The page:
Projects such as the brutalist building of the Bunkier Sztuki art gallery, which convincingly imitates a defensive structure, or the characteristic ‘House of a Hundred Balconies’ , which is part of a quarter of bourgeois tenement houses from the late 19th and early 20th centuries, are interesting examples of the coexistence of old and new and a creative reinterpretation of Krakow’s centuries-old architectural heritage.
The development of tourism
Interest in the old Krakow grew, which brought the first challenges of providing hotel facilities for tourists. Architecture of the time of the political ‘thaw’ and the partial reckoning with the follies of Stalinism after 1956 is represented, for example, by the multifunctional complex consisting of the Cracovia Hotel and the Kijów Cinema, built in 1960–1967 and beautifully enclosing the representative urban arrangement of the Trzech Wieszczów Avenues from the inter-war period. In 2016, the disused hotel building was purchased by the National Museum opposite and will eventually be transformed into a branch documenting the achievements of Polish applied arts of the period of the People’s Republic. It currently houses the Forum of Design – a conglomerate of shops selling the works of Polish designers.
The Kijów Cinema, with its characteristic curved roof and mosaics in the hall and side wall, continues its cultural functions today, serving as a venue for major cinema premières and festival events. Colourful mosaics are, by the way, one of the hallmarks of modernist architecture in Krakow: another example of this kind of decoration is Celina Styrylska-Taranczewska’s huge mosaic on the side wall of the Biprostal skyscraper, which has become one of the hallmarks of the Krowodrza district.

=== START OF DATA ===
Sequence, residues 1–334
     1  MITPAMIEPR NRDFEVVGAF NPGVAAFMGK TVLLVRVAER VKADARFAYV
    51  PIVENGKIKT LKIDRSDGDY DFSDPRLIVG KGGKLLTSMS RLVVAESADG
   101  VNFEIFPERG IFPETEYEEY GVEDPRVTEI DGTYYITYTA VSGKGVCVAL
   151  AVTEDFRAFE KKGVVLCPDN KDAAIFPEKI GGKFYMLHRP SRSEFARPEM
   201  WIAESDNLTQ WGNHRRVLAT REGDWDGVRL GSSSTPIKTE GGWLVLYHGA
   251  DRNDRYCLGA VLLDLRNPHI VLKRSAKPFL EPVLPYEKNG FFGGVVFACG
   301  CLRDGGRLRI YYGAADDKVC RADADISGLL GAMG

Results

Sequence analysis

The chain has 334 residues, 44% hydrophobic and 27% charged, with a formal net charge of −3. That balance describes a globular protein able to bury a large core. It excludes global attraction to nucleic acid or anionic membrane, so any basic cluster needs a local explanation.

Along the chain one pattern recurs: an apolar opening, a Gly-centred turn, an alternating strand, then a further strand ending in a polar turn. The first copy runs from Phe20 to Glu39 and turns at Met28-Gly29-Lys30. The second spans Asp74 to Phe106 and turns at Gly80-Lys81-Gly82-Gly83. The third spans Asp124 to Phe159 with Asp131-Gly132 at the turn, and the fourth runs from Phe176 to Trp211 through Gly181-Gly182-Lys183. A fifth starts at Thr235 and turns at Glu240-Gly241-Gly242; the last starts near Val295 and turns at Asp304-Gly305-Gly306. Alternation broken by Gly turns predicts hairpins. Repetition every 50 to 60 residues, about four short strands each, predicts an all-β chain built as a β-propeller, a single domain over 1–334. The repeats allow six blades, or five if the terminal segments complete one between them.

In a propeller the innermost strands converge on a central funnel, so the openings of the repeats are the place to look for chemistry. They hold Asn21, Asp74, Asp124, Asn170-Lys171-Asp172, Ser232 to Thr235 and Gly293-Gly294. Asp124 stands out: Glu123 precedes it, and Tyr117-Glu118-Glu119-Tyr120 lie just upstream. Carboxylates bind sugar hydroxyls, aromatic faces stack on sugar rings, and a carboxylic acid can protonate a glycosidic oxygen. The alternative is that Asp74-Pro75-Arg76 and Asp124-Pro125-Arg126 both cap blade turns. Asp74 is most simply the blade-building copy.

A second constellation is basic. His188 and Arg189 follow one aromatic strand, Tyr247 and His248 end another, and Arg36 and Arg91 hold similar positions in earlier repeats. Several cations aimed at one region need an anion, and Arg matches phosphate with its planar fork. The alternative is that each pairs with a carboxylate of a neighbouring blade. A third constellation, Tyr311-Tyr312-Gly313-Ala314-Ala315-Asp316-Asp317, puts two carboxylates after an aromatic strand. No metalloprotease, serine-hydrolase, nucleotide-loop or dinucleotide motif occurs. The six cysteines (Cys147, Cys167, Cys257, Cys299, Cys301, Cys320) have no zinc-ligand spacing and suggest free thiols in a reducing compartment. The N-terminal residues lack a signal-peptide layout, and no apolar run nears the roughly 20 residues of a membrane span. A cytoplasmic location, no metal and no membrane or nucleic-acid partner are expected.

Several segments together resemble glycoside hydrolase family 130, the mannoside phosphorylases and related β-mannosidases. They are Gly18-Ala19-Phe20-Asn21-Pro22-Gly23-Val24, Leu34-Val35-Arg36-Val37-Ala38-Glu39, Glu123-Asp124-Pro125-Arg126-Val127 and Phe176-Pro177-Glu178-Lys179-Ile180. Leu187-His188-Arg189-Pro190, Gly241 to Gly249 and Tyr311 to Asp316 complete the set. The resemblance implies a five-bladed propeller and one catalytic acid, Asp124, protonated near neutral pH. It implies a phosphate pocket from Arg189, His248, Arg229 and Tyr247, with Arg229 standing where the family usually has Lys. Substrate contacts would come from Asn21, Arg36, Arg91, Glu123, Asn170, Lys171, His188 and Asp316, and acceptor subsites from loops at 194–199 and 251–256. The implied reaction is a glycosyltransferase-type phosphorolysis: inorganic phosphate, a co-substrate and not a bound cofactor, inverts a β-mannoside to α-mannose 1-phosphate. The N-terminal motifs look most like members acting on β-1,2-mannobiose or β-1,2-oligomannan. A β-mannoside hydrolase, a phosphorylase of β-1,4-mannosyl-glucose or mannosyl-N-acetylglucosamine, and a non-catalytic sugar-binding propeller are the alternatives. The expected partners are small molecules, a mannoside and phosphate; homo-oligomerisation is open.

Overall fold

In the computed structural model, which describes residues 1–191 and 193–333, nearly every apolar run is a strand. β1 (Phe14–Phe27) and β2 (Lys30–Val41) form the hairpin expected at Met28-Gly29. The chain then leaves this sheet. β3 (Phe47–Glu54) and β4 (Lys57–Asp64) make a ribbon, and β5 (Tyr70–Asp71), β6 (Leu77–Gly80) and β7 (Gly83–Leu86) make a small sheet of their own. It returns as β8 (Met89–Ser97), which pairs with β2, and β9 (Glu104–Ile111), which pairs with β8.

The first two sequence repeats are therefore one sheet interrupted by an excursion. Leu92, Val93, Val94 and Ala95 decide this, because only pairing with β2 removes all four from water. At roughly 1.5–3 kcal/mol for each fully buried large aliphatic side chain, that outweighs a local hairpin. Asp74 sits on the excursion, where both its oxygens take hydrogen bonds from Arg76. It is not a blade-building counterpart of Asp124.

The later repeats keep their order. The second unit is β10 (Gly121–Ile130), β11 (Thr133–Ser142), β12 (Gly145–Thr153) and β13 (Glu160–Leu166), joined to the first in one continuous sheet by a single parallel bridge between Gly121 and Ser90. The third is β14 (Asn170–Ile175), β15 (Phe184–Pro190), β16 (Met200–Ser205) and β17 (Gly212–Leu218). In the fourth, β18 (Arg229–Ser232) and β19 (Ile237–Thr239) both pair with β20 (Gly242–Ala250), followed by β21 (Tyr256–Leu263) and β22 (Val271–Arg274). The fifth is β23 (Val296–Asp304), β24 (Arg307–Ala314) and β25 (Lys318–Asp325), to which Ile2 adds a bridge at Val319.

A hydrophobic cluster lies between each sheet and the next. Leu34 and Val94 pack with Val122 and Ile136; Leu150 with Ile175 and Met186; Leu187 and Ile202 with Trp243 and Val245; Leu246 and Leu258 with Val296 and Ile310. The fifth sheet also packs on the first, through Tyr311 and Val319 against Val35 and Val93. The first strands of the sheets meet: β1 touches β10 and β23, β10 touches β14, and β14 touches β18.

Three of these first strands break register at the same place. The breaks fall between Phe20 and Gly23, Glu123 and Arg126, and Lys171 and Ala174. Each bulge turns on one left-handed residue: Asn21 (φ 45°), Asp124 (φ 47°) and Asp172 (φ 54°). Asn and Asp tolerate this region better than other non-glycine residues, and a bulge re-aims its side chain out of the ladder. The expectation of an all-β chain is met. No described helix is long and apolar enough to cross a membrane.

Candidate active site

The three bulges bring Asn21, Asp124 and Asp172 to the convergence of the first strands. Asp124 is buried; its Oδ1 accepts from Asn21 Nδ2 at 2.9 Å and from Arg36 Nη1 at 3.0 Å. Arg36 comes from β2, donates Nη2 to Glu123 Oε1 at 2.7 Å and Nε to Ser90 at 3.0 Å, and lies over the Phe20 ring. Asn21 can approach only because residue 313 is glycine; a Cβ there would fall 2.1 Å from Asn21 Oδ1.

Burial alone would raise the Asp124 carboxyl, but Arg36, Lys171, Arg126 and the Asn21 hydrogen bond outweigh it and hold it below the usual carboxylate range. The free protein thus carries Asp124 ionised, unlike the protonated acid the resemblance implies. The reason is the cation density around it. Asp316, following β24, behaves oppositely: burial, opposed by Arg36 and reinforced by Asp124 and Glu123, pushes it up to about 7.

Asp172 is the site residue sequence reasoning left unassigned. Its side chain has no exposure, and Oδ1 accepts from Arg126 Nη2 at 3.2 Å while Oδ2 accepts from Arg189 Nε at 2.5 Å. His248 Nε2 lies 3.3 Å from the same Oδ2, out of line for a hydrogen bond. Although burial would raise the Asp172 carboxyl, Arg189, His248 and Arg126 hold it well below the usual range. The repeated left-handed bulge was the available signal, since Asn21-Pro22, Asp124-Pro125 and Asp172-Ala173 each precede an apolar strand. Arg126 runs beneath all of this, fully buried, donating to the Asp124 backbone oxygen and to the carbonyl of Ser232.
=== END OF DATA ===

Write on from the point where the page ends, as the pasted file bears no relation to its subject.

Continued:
New residents, new needs
Kraków in the era of the Polish People’s Republic was also developing as a student centre. The Student Village complexes of the AGH University of Science and Technology, the Academy of Physical Education and the emblematic building of the Faculty of Horticulture at the University of Agriculture with its three stripes of coloured circles on the facade are just a few examples of noteworthy projects from this time.
Yet another direction in the architecture of later years that was gaining importance were churches. The election of the Krakow bishop Karol Wojtyla as Pope John Paul II was combined with a growing desire for change in the political system, and the Catholic Church focused the movement for political transformation. The most remarkable piece of religious architecture from the communist era is the Ark of the Lord church, erected between 1967 and 1977 thanks to the long-standing efforts of the inhabitants of Nowa Huta, i.e., the district whose original plan didn’t envisage the construction of a single religious building. The fanciful edifice, inspired by the achievements of Le Corbusier, can accommodate up to 6,000 people.